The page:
More and more employees are actively disengaged from their jobs, creating a workplace environment that employees enjoy is key to providing fulfilment. One step to making your business more likable by employees may have to do with the human factor and how your employees are treated.

Employees hate their job for a number of reasons: Office politics, being lied to, and lack of respect top the list. So what can business owners do to change the environment that their employees are in every day?

Have the right infrastructure in place.
Many employee benefits sound great in theory, but there needs to be a solid foundation and support system to make them effective. Leaders need to make sure the proper procedures, communication channels and guidelines are set up. Otherwise, benefits aimed at creating a more human workplace will fail.

Put employees first.
Organisations that succeed put their own people first because they recognize that their employees are the key to creating long-term value. It’s not just giving employees free food. It’s feeding their souls and creating an environment where they can have an impact. Human connection to manage the coldness of technology. One of the greatest things about technology is that it can make us more efficient, however, it can also allow us to automate interactions. When we get so good at delivering our customer interactions, without any actual human interaction, we start to lose valuable relationships with people, which is not OK and not good for your business. To ensure this doesn’t happen to you, let your systems manage your technology and basic interactions so that you can focus on the human connections that matter.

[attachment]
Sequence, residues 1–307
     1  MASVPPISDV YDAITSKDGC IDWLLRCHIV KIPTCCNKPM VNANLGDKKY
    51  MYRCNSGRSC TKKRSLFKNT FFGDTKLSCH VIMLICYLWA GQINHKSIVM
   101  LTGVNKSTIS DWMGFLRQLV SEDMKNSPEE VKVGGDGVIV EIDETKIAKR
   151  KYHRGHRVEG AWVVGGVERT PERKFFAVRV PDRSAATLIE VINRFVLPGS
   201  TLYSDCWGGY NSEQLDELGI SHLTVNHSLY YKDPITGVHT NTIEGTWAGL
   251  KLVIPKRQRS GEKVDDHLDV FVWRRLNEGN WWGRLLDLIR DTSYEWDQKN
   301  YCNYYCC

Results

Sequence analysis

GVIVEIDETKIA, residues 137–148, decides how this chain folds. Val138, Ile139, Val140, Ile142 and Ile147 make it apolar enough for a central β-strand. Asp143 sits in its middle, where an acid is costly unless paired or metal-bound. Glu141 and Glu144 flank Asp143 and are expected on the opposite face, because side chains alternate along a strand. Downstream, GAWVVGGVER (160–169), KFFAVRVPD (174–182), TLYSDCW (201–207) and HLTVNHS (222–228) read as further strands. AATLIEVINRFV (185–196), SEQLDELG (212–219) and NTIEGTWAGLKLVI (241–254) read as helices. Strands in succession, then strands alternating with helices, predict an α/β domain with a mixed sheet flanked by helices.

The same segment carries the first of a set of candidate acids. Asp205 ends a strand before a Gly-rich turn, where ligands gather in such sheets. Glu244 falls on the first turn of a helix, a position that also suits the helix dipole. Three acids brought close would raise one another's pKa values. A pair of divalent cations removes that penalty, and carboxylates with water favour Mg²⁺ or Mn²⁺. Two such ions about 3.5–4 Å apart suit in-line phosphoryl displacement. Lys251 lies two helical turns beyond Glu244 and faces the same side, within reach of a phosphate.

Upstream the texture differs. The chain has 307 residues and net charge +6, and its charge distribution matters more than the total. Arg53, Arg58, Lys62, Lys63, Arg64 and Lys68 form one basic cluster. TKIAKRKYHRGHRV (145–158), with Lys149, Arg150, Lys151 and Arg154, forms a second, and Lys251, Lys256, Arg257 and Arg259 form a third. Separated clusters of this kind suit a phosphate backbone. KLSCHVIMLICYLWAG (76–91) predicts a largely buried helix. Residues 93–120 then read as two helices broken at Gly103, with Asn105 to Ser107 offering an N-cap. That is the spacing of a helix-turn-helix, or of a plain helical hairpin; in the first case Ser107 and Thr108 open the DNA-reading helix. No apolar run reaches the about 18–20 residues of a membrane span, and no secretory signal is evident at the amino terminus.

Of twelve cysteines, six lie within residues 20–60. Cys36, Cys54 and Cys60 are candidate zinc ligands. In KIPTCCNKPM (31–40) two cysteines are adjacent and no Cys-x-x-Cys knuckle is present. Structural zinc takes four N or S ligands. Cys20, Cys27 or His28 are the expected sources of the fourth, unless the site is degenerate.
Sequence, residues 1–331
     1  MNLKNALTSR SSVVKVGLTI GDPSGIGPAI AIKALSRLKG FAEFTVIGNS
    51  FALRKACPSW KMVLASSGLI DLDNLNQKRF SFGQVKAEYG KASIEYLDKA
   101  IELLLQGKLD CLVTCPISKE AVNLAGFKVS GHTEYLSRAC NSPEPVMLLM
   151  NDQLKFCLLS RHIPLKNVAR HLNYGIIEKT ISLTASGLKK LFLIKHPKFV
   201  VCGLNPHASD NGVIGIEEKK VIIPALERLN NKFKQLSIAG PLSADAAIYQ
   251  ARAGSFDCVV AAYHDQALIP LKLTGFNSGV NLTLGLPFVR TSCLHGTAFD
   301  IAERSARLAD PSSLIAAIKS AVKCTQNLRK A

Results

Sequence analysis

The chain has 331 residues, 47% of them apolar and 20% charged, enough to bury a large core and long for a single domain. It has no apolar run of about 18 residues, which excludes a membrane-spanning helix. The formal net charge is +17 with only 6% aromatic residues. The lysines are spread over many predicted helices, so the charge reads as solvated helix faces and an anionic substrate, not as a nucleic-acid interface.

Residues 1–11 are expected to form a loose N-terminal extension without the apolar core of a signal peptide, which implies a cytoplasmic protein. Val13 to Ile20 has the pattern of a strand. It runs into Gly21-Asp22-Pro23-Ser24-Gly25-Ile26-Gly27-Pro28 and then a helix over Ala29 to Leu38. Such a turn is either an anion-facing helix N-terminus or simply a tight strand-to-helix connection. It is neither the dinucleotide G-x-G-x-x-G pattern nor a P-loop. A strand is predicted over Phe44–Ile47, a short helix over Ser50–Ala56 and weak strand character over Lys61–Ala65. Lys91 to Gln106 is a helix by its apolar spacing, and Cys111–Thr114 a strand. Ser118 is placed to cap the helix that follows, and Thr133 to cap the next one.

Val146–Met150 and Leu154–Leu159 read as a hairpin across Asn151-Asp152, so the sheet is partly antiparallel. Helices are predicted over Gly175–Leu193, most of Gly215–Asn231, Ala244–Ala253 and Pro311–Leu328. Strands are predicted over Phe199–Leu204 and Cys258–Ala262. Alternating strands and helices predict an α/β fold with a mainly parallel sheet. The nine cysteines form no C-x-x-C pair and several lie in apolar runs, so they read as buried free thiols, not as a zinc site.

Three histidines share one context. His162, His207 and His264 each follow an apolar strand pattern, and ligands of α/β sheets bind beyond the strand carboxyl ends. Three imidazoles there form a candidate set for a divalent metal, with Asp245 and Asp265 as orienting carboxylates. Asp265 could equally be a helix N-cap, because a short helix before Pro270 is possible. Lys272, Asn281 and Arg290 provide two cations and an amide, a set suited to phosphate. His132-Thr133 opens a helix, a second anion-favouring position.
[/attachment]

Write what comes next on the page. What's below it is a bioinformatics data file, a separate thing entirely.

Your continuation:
Teach leaders how to be good citizens.
The final point I’ll make is that you must have the support of line managers and business leaders. In today’s world, every supervisor, manager and leader is a sponsor of the company mission and we need to provide the tools and support to help them do this well. Do you have a strong first-line leadership development program? Do you regularly communicate with leaders about ethical issues and strategies for trade-offs at work? Do you tell stories about how to make the right choice when confronted with business problems that push against social issues? Do leaders know how to listen to complaints and deal with fairness and diversity? These are all non-business topics that have to be part of the leadership culture, and it’s up to us and senior leaders to hold people accountable.

Few things are more powerful than storytelling.
Great companies often use human stories, with real people and all their flaws. Videos of your employees, their families and pets, and your customers and how they use your products and services can be very powerful.

In conclusion:
Human workplaces purposefully tap into human needs to generate value for the company’s many stakeholders: employees, customers, shareholders, and executives, at a minimum. Organisational cultures that are human place high importance on ideals like high-quality relationships, trust building/being trustworthy, personal and professional growth, and being curious.